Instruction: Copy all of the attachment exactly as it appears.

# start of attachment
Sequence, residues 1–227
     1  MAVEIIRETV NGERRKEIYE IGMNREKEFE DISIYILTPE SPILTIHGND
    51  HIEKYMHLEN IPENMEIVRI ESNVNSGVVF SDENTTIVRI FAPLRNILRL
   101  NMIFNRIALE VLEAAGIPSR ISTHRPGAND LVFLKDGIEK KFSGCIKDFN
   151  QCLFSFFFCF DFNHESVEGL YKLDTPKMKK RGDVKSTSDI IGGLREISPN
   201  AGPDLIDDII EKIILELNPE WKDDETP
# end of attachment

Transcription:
Sequence, residues 1–227
     1  MAVEIIRETV NGERRKEIYE IGMNREKEFE DISIYILTPE SPILTIHGND
    51  HIEKYMHLEN IPENMEIVRI ESNVNSGVVF SDENTTIVRI FAPLRNILRL
   101  NMIFNRIALE VLEAAGIPSR ISTHRPGAND LVFLKDGIEK KFSGCIKDFN
   151  QCLFSFFFCF DFNHESVEGL YKLDTPKMKK RGDVKSTSDI IGGLREISPN
   201  AGPDLIDDII EKIILELNPE WKDDETP